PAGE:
Everyone found this presentation fascinating and we commended Tim for his outstanding knowledge and enthusiasm for his subject. Thank you, Tim.
An enjoyable bring and share supper followed outside on the terrace as the sun went down.
Photographs provided by Tim Ellis
The European Sustainability Academy, Drapanos, Apokoronas was filled to capacity when over fifty participants attended this very successful event.
John Fielding with Nick Turland produced the widely acclaimed book, Flowers of Crete, published by The Royal Botanic Gardens, Kew. In this illustrated talk, John showed 135 images of plants, the majority of which are endemic to Crete. It was of great interest and educational value.
It was immediately clear from his enthusiastic delivery and professional approach that John has an incredible knowledge of this subject. He started by showing maps of the distribution of various plants and the rate of endemism around the Mediterranean. From this we learned that of the 1700 plants native to the Cretan area, which includes Karpathos and Kassos, ten per cent are endemic. That is, they grow there and nowhere else. Crete, John explained, is in a special location being close to Africa, Asia and Europe and has elements of the flora of all three continents.
Palms were an early subject. I remember a discussion with a friend who was adamant she would not grow palms because they are not Mediterranean. Photographs of Crete’s own palm, Phoenix theophrasti, in Vai, were shown, followed by a distribution map of Chamaerops humilis (western Mediterranean) and Phoenix theophrasti (Crete and SE Aegean including Turkey). Our native Phoenix is widespread on Crete in isolated pockets around the coast. I found this most interesting.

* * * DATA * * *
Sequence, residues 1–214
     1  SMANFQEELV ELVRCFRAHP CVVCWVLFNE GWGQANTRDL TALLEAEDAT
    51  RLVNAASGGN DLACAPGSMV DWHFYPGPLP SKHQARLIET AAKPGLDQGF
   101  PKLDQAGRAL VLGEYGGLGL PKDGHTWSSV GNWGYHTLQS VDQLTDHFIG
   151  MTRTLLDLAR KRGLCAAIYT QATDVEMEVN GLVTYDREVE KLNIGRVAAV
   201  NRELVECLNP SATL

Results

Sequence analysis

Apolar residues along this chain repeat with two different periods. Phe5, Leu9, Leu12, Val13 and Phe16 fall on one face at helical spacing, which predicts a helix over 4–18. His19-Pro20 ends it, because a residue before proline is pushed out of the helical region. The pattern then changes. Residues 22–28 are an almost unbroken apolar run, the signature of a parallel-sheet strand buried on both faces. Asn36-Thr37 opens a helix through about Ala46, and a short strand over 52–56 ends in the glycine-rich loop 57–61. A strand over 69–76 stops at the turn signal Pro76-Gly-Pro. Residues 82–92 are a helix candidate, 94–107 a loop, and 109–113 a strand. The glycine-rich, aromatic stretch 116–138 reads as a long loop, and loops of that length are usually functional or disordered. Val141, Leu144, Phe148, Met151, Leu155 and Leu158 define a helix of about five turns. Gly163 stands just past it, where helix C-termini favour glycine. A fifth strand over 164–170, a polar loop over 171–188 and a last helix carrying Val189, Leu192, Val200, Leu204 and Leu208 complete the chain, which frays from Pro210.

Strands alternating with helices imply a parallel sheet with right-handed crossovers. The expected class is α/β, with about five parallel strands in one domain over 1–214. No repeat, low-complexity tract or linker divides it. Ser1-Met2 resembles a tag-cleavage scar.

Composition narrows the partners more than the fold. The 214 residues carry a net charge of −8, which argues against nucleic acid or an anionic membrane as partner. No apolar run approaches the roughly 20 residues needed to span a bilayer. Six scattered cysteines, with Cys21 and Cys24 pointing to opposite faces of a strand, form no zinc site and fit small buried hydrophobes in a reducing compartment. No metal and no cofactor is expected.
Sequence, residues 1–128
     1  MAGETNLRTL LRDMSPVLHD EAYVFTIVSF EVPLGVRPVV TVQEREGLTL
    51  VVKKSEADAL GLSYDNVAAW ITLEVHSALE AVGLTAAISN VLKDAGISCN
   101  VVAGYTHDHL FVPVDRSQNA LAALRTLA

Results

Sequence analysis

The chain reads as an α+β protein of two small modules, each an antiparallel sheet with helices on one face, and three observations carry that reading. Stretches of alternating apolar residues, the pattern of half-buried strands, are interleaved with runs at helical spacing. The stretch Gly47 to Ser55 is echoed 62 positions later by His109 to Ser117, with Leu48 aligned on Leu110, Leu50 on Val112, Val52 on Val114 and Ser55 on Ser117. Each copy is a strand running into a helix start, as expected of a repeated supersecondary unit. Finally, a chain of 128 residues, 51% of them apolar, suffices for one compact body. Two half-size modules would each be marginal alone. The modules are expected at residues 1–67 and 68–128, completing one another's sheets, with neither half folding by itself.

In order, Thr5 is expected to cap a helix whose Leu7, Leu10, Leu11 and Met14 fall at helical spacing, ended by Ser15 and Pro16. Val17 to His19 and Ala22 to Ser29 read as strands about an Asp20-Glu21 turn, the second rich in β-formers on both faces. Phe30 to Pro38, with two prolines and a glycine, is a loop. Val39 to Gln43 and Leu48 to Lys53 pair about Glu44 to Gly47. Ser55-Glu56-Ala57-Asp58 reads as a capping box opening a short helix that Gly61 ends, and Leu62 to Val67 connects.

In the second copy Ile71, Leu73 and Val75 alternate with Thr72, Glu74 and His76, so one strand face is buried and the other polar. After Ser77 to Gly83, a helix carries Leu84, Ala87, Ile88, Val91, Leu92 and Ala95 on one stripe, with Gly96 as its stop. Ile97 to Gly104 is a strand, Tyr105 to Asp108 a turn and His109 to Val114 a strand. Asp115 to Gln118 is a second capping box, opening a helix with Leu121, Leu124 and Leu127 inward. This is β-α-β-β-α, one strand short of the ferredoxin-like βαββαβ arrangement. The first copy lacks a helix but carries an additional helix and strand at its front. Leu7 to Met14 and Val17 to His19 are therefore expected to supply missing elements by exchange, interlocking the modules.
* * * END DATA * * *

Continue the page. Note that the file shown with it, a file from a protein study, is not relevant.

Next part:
Centaurea pumilio, a cornflower, or knapweed, grows only on the coast. John showed a photograph of this lovely, endangered species growing in Falassarna, western Crete.
Orchis spitzelii subsp. nitidifolia (syn. Orchis prisca), a very rare orchid in the west of the island, is also endemic to Crete. It is restricted to open woodland and pine forest in mountainous areas.
Most of us found the saxophone-shaped flowers ofAristolochia cretica fascinating.Cretan birthwort is relatively rare and not easy to find. Its habitats are shady and rocky places and the plant and flowers are well-disguised by surrounding grass and other plants. Aristolochia creticais endemic to Crete and Karpathos, blooming from the end of February to the beginning of July.
A lovely selection of plants from the Aradena gorge was shown, including cyclamen, some of John’s real favourites. Several photos of different cyclamen followed. Cyclamen creticum, endemic toCrete and Karpathos, Cyclamen graecum, native to southern Greece, southern Turkey, and neighbouring islands and prized for its variable leaf forms, which include some of the most striking of any cyclamen, and Cyclamen hederifolium var. confusum, endemic to Crete. The latter flowers first, with its leaves following later, and it is found in just two valleys, Topolia and Polyrinia.